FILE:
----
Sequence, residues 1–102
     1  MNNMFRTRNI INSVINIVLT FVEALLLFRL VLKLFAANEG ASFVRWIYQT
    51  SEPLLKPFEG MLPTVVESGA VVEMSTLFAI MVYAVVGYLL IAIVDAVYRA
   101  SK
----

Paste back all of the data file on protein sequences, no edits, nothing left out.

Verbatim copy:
Sequence, residues 1–102
     1  MNNMFRTRNI INSVINIVLT FVEALLLFRL VLKLFAANEG ASFVRWIYQT
    51  SEPLLKPFEG MLPTVVESGA VVEMSTLFAI MVYAVVGYLL IAIVDAVYRA
   101  SK